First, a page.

The Content is general information only. It is not intended to constitute legal advice or seek to be the complete and comprehensive statement of the law, nor is it intended to address your specific requirements or provide advice on which reliance should be placed. Mondaq and/or its Contributors and other suppliers make no representations about the suitability of the information contained in the Content for any purpose. All Content provided "as is" without warranty of any kind. Mondaq and/or its Contributors and other suppliers hereby exclude and disclaim all representations, warranties or guarantees with regard to the Content, including all implied warranties and conditions of merchantability, fitness for a particular purpose, title and non-infringement. To the maximum extent permitted by law, Mondaq expressly excludes all representations, warranties, obligations, and liabilities arising out of or in connection with all Content. In no event shall Mondaq and/or its respective suppliers be liable for any special, indirect or consequential damages or any damages whatsoever resulting from loss of use, data or profits, whether in an action of contract, negligence or other tortious action, arising out of or in connection with the use of the Content or performance of Mondaq’s Services.

General

Mondaq may alter or amend these Terms by amending them on the Website. By continuing to Use the Services and/or the Website after such amendment, you will be deemed to have accepted any amendment to these Terms.

These Terms shall be governed by and construed in accordance with the laws of England and Wales and you irrevocably submit to the exclusive jurisdiction of the courts of England and Wales to settle any dispute which may arise out of or in connection with these Terms. If you live outside the United Kingdom, English law shall apply only to the extent that English law shall not deprive you of any legal protection accorded in accordance with the law of the place where you are habitually resident ("Local Law"). In the event English law deprives you of any legal protection which is accorded to you under Local Law, then these terms shall be governed by Local Law and any dispute or claim arising out of or in connection with these Terms shall be subject to the non-exclusive jurisdiction of the courts where you are habitually resident.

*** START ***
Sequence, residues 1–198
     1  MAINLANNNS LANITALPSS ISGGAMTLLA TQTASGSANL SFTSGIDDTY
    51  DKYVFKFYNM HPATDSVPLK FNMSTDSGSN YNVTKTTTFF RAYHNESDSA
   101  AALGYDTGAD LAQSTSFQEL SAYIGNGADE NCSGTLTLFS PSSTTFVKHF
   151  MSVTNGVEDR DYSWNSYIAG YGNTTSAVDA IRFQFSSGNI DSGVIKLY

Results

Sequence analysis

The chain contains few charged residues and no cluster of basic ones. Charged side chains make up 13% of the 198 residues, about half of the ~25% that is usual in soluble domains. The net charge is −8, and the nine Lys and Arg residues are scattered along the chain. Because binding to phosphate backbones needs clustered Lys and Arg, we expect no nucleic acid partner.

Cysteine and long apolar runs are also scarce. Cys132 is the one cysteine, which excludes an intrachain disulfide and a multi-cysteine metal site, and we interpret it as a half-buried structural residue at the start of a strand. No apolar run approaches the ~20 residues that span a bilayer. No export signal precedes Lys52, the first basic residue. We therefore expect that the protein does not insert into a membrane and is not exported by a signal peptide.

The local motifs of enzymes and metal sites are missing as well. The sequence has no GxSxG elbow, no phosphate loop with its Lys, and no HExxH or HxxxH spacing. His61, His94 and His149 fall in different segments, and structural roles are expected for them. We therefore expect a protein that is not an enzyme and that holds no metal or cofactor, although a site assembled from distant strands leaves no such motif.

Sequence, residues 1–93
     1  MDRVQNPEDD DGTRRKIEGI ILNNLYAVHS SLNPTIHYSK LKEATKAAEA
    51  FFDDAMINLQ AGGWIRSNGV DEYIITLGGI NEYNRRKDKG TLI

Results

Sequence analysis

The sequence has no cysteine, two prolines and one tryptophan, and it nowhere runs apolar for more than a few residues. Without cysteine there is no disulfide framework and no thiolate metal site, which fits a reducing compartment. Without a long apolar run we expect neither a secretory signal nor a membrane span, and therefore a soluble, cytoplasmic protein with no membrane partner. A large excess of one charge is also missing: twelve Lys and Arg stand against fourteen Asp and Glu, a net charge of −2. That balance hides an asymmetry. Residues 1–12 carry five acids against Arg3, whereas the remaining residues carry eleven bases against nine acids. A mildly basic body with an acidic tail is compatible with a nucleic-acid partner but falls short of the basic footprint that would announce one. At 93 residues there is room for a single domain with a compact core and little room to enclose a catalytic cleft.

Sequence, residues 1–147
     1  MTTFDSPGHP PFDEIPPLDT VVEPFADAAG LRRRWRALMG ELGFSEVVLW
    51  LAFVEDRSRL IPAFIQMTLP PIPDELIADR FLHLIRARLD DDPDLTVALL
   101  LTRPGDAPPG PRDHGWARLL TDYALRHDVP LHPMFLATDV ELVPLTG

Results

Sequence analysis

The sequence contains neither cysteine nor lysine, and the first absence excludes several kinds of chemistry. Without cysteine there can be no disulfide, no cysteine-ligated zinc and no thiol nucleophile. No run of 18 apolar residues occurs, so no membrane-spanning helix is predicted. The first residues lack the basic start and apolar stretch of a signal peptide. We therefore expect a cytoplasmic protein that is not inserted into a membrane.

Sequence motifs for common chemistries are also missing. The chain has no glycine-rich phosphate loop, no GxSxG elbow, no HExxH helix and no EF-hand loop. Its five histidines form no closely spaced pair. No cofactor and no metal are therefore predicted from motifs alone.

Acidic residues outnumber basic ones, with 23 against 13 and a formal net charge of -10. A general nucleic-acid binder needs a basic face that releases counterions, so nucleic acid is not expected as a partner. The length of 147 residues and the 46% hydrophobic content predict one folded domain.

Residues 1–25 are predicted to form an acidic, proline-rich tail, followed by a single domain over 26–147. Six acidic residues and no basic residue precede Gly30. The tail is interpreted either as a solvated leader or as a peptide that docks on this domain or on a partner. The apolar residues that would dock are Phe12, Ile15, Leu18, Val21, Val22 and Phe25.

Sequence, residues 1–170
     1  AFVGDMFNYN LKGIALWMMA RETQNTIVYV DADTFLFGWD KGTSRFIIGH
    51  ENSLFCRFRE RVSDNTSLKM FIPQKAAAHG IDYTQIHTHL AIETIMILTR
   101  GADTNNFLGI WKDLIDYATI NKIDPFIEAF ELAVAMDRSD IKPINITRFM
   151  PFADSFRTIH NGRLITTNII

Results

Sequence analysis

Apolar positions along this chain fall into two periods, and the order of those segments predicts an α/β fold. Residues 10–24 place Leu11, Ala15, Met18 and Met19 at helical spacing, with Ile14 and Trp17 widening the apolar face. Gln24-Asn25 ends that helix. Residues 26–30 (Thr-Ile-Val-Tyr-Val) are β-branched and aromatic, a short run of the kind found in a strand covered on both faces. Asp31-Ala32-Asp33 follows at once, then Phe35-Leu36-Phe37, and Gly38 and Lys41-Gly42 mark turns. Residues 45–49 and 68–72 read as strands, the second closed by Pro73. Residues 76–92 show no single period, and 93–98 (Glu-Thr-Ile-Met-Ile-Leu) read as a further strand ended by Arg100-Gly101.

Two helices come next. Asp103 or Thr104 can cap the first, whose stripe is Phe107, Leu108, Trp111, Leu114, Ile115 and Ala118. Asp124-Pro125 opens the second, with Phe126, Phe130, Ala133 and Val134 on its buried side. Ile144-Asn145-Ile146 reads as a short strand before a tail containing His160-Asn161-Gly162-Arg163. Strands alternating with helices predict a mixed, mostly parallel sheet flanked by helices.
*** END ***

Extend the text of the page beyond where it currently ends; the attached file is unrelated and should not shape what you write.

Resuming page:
You may print and keep a copy of these Terms, which form the entire agreement between you and Mondaq and supersede any other communications or advertising in respect of the Service and/or the Website.

No delay in exercising or non-exercise by you and/or Mondaq of any of its rights under or in connection with these Terms shall operate as a waiver or release of each of your or Mondaq’s right. Rather, any such waiver or release must be specifically granted in writing signed by the party granting it.

If any part of these Terms is held unenforceable, that part shall be enforced to the maximum extent permissible so as to give effect to the intent of the parties, and the Terms shall continue in full force and effect.

Mondaq shall not incur any liability to you on account of any loss or damage resulting from any delay or failure to perform all or any part of these Terms if such delay or failure is caused, in whole or in part, by events, occurrences, or causes beyond the control of Mondaq. Such events, occurrences or causes will include, without limitation, acts of God, strikes, lockouts, server and network failure, riots, acts of war, earthquakes, fire and explosions.

By clicking Register you state you have read and agree to our Terms and Conditions